1. Card Talk: Card Talk supports communication with cards for children who have difficulties in verbal communication. Children can indicate their emotion/intention, and learn vocabulary and grammar at the same time.
  2. Tobii Dynavox Compass Connect: This app provides a research-based communication solution for individuals of all ages and abilities who cannot use their natural voice to communicate. 
  3. Autism Non-Verbal Therapy Game: Designed for ages three and up, this app helps children improve spatial cognition, visual perception skills, fine motor skills, hand-eye coordination, and executive functions such as planning and organizing.
  4. Leeloo AAC: Leeloo is an app that helps non-verbal kids communicate with their parents, teachers, and friends. The app is developed with both AAC and PECS (Picture Exchange Communication System) principles.
  5. Avaz App | Speak Using Pictures and Words: Avaz AAC is an augmentative and alternative communication app that empowers children and adults having speech-related disabilities with a voice of their own.
  6. ‎Huni – AI-Powered Speech Therapy App: Huni is made for children with delayed speech. Additionally, children with developmental disorders (apraxia and stuttering) can use Huni to improve communication. 
  7. Speech Blubs: Language Therapy: Speech Blubs is a voice-controlled speech therapy app designed to help your child learn new sounds and words, and to practice speaking in a stimulating, educational environment.
  8. Stamurai – Stuttering/Stammering Speech Therapy: Stamurai is a speech therapy app built to help people who stutter/stammer learn and practice speech therapy. 
  9. ‎Speech Sounds Visualized on the App Store: Speech Sounds Visualized is an interactive teaching tool for Speech and Language Pathologists and educators that is designed to improve pronunciation and articulation. 
  10. Otsimo | Speech Therapy SLP: Speech Therapy SLP is a speech therapy app that uses voice and speech recognition technology and machine learning; it understands exactly what users are trying to say.
  11. Talking Pierre the Parrot: This virtual parrot repeats everything your child says in a funny voice. Even though it’s not an app dedicated to speech therapy, it’s a great way to motivate children to speak clearly.
  12. ‎Language Therapy for Kids–MITA: Mental Imagery Therapy for Autism (MITA) is a unique, early intervention application for children with language delay and autism.
  13. ‎Endless Reader | Sight Words for Kids: Endless Reader is an animated educational app for teaching sight words to children six years of age and younger.

How to Use Accessibility Features and Voice-To-Speech On a Smart Device

Today’s smart devices offer a wide range of accessibility features designed to help those with communication disorders. Below are a number of guides to get you started with these features.

  1. How to Use Dictation (Voice-To-Speech) on your iPhone or iPad: This guide by Apple shares a step-by-step walkthrough on how to enable dictation on your iPhone or iPad device. 
  2. How to Set up Speech-to-Text on Android: This article from LifeWire explains how to setup speech to text on an Android device.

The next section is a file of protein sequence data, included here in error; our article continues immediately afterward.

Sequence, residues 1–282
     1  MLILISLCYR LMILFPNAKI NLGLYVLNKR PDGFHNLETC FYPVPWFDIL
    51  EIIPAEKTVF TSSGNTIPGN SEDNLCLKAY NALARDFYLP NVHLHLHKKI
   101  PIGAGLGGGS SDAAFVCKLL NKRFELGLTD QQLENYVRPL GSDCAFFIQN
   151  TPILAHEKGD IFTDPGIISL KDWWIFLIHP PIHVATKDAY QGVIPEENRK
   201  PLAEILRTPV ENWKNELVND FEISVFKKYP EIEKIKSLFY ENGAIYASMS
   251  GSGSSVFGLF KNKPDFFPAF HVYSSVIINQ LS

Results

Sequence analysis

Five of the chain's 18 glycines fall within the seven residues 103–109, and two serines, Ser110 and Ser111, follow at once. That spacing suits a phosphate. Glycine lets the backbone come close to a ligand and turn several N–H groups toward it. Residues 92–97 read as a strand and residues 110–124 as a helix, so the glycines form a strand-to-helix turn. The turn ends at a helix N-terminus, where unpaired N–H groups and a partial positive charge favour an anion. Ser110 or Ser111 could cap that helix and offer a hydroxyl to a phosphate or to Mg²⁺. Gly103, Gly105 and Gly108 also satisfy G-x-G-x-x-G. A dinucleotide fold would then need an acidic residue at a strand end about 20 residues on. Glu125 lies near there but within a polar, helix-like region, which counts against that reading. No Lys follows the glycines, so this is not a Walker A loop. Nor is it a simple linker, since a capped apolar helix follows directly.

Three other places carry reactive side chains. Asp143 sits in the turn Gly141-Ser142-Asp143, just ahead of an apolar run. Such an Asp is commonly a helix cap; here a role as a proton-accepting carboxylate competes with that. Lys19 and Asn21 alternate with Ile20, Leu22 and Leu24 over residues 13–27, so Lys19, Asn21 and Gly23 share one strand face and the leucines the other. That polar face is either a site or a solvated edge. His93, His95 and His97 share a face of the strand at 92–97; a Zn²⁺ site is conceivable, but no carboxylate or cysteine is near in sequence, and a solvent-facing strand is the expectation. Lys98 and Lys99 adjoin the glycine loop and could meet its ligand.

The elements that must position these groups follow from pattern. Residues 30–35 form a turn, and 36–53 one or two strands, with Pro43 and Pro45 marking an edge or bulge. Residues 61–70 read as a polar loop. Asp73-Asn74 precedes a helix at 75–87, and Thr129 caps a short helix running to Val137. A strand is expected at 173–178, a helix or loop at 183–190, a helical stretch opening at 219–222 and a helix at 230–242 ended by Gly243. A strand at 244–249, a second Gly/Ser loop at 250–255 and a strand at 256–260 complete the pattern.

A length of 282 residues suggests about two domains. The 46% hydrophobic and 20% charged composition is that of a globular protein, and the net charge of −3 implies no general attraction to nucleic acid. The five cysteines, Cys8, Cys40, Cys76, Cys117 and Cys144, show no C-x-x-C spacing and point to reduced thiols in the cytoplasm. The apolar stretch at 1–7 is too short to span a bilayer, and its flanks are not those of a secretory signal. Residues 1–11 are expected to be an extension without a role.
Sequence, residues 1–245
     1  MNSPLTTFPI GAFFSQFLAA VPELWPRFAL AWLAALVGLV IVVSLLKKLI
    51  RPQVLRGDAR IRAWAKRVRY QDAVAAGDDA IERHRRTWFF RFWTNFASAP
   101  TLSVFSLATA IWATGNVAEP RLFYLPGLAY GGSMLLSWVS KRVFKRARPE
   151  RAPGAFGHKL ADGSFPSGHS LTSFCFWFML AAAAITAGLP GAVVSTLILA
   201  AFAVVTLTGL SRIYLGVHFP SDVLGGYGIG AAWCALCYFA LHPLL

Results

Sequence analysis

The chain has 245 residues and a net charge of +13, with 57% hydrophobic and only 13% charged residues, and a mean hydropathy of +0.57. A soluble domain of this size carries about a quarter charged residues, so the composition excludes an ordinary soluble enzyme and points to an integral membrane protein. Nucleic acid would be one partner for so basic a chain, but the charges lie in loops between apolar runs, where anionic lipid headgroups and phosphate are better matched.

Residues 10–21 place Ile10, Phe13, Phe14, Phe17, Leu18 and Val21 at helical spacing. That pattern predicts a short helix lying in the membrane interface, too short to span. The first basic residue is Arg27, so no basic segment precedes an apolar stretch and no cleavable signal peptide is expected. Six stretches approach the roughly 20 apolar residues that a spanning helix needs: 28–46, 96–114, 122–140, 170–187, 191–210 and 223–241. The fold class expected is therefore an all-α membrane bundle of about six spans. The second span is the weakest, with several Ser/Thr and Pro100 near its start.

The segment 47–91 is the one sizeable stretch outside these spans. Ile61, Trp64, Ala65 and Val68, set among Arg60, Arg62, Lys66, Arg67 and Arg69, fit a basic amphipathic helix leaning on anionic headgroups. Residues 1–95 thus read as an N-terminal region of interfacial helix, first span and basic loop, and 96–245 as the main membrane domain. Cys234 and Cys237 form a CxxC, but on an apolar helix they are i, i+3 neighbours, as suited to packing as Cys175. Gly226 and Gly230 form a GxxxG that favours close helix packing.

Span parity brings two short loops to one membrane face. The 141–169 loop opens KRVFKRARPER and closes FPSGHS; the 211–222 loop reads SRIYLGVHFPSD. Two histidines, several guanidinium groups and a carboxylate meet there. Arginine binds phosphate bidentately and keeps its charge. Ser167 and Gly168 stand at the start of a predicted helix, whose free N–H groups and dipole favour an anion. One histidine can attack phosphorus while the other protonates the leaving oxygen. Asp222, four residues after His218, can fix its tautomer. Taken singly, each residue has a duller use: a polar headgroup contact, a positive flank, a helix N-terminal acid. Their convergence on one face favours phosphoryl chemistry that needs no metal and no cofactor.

3. Android Accessibility Overview: This guide from Google explains how to enable accessibility settings on an Android device, including real-time text during calls. 
  4. iPhone Accessibility/Hearing Overview: This Apple accessibility page provides a detailed overview of iPhone Accessibility with regard to hearing impairment.

Free Teacher Resources for Teaching Learners with Communication Needs

While learners with communication disorders may face added challenges in the class, you as their teacher can help them succeed. The resources below are designed to help you get started. 

  1. Talking Rules Poster – Supporting Students with Communication Disorders: This free downloadable poster is designed to help establish a safe, supportive communication environment that is empowering for all learners.
  2. Age and Grade-Based Speech and Language Checklists: This resource contains age and grade-based Speech and language checklists from birth through grade 12 for use by teachers and more. 
  3. Supporting AAC in the Classroom: A Teacher Handout: This handout can be shared with all classroom teachers, specialists, and paraprofessionals working with your learner to support their knowledge and understanding of AAC.
  4. AAC Resources for Core Vocabulary Teaching: This AAC page offers downloadable resources for core vocabulary teaching.
  5. Speech Sound Prompts Worksheets & Teaching Resources: These free speech and sound prompts can be used to help assist learners with communication disorders.

Free Resources for Parents and Caregivers to Teach Children with Communication Needs

As a parent or caregiver, there are many ways you can help your child if they are facing communication challenges. We’ve compiled a list of resources that can help you get started. 

  1. 5 Ways to Promote Speech Using Only Your Child’s Backpack: This free resource provides five strategies to help your child develop their speech using only their backpack. 
  2. Speech and Language Handouts for Parents: This free downloadable contains a collection of information for parents to utilize when working with their children at home on a variety of speech and language skills.
  3. Speech Therapy Guide for Teachers and Parents: This guide by Tween Speech Therapy offers tips for teachers and parents.
  4. A Parent’s Guide to Speech Challenges – eBook: This free eBook can help parents better know what steps to take if they suspect their child has an issue with speech. 
  5. AAC and You – Handout for Parents and Caregivers: This printable handout is designed to help parents and caregivers with basic AAC introductions while dispelling myths.

The inclusion of these resources is for educational purposes only and does not constitute an endorsement by Columbia Engineering Boot Camps. Furthermore, the screening and assessment tools are not intended to act as or replace medical advice from your child’s primary care physician and should not be used as such.